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by Brandon Edmonds / 07.06.2011

After watching his audition, two things struck me. Where did DeWet Du Toit get a fucking elephant? And boy has this 24-year old personal-trainer (and Tarzan-wannabe) from George ever given us a golden opportunity to consider white Afrikaaner masculinity!

First off, DeWet is cool. No ill will towards him. I hope he gets to be Tarzan. He seems like a good guy. He gives conservation talks at schools. You know, for kids. He’s really straightforward. Irony to him is about as useful as a sitar made of sherbet. DeWet is totally upfront about his desire: he wants to play Tarzan in the latest attempt at a franchise slated for production by Warner Bros in 2012. He wants it so bad. DeWet’s big Boer heart is on his sleeve for all to see.

And he’s making progress. On the back of the audition tape, an LA agent has invited him to a 6 month all-inclusive much-needed training camp to prepare for getting the role. You can help finance his trip by pledging at indiegogo.

So yeah great it’s just that Tarzan is a bit iffy racially. See Edgar Rice Burroughs, the guy who wrote the original novel, which launched a franchise that’s sold around 60 million books and spawned a lucrative merchandising industry, was an avowed eugenicist. Eugenics was a turn of the century movement seeking to keep the national “germ plasm” (gene pool) pure by eliminating “lower types” through selective breeding. In the 1920s, 60 000 people were sterilized by law in the US as a result, influencing Nazi policy to come. Burroughs even kept a copy of Mein Kampf in his library, thanked his parents in a letter for giving him the “uncontaminated red blood of the Puritan and the Pioneer” and in an essay called “I See a Race” advocated a “cleansed US” in which the official religion would be “service to the race”. In a clear evocation of lynching, Tarzan, “killer of many beasts and black men”, as his creator hailed him, hangs his victims. I know, I know. Worryingly, DeWet told an interviewer he’s “fascinated” not only by Tarzan’s “strength and honour…but the values he lived by too.”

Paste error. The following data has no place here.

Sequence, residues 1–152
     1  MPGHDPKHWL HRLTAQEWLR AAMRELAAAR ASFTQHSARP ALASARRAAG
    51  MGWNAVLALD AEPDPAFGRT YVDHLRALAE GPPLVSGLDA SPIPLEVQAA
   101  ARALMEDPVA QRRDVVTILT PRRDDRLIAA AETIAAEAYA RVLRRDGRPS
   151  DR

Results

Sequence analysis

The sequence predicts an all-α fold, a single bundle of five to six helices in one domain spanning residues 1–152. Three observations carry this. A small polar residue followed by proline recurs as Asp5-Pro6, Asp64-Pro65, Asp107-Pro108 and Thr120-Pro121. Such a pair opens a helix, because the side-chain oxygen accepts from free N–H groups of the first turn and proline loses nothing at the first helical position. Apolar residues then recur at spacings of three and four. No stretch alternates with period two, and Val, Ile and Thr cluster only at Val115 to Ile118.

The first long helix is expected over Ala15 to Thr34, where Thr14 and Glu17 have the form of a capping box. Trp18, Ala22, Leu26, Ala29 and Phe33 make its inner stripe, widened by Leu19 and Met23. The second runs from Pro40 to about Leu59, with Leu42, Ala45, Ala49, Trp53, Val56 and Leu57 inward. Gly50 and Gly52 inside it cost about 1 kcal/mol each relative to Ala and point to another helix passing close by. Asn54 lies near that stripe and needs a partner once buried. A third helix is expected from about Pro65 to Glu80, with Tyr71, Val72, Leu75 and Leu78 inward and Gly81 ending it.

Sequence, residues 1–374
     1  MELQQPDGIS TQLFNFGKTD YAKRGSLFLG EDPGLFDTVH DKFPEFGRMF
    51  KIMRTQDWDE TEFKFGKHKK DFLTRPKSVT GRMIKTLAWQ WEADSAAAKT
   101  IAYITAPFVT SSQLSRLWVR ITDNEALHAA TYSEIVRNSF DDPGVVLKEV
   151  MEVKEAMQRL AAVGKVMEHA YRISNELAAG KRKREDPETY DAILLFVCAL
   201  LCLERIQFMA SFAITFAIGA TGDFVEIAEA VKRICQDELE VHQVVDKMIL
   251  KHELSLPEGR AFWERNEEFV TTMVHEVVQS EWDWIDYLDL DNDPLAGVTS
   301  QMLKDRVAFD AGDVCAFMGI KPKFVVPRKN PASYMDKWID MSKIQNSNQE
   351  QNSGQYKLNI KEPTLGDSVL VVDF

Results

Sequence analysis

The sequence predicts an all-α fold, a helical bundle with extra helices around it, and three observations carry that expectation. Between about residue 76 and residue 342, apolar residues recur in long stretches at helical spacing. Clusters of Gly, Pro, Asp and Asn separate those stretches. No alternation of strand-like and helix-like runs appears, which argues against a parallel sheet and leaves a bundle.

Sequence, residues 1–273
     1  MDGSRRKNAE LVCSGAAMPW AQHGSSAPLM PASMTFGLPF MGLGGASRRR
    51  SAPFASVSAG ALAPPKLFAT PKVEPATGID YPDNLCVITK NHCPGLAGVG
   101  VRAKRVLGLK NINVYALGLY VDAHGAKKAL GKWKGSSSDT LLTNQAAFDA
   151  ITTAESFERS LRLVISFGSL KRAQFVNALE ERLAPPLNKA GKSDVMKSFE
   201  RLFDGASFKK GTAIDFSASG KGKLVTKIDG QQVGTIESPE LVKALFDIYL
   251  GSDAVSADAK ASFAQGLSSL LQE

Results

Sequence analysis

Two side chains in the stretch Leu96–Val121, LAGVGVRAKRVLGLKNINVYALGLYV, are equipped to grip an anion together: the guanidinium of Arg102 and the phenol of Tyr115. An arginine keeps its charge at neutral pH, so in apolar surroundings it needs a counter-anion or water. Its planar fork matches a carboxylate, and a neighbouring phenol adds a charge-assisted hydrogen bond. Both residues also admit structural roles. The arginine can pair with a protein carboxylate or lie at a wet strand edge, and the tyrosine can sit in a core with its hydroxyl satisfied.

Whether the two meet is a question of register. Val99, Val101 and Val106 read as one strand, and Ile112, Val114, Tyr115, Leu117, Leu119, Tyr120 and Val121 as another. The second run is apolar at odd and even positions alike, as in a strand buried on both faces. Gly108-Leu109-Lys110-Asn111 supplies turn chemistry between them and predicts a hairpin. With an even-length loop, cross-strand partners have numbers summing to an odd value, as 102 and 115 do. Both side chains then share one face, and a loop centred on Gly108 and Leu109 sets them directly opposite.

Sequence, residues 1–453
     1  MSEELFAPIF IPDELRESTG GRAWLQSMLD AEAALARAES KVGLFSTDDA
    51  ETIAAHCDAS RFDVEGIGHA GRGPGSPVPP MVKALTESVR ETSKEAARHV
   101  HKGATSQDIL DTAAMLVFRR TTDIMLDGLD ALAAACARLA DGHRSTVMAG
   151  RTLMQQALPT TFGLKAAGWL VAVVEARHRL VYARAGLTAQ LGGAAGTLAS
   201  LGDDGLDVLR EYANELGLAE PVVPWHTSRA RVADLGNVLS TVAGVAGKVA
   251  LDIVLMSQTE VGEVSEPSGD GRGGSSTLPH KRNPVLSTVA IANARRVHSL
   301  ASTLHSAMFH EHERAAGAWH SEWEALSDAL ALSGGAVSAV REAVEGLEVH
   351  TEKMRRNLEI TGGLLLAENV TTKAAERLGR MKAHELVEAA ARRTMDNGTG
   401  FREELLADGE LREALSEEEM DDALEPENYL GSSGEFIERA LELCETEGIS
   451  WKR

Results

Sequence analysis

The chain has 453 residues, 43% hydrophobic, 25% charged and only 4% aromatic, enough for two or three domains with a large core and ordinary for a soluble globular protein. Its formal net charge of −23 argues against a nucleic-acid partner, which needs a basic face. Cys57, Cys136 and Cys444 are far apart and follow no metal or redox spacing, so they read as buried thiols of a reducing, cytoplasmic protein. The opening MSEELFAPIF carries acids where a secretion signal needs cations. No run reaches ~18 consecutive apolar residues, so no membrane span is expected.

As the introduction to a new edition of Tarzan puts it: “Ironically, with its reliance on (dated) fantasies concerning racial purity, Burroughs’s masculine ideal reveals how constructed and contingent ideals of masculinity can be.” So when DeWet parades his pumped white body on behalf of that ingrained cultural configuration called Tarzan, it makes you wonder about the abiding racial fantasies of Afrikaaner masculinity. Is the audition tape, along with being very funny, an extreme expression of white male compensation strategies in a non-racial democracy?

Take a look at the list of sports DeWet enjoys on his Fitness Star Network page, here’s a sample: hiking, kayaking, squash, shooting, surfing, diving, swimming, mountain biking, rowing and running.
A daunting string of verbs taking us right inside an anxious masculinity and its Spartan strategies of overcompensation. Du Toit has been taking cold showers in the bush for over a year and rocking a high protein low fat diet on the family farm. He says: “I believe that Tarzan is the perfect specimen or example of “man”, physically and mentally, because his “yes” was his “yes” and his “no” was his “no”. You don’t get that anymore these days… the “real” man is fading away as we speak, and there isn’t any more examples for people to strive for in our time.”

DeWet du Toit

Hence DeWet’s pumped up compensatory embodiment and gratifying identification with the Tarzan ideal. It’s also clear the King of the Apes resonates for this young Afrikaaner as a sign of loss, “you don’t get that anymore these days”, and given how we’ve detailed the raced nature of that sign, the ugly background of the Tarzan imaginary, could it be a complicated wish for a time DeWet must not name, when (white) men were men?

As Melisa Steyn writes, powerfully, for local whites generally, “there is an acute sense of loss of the familiar, loss of certainty, loss of comfort, loss of privilege, loss of well-known roles; their ‘delusional home’ has collapsed.” Gore Vidal’s reading of the Tarzan books finds a “motor drive for power, for the ability to dominate one’s environment through physical strength.”

DeWet’s auditioning body is often in slow motion – in a wired global culture premised on immediacy, his endless slowness is a dead giveaway. Tarzan is a reactionary myth yet to catch up to how we live and think and work now, so who better to play him than a white Afrikaans man?

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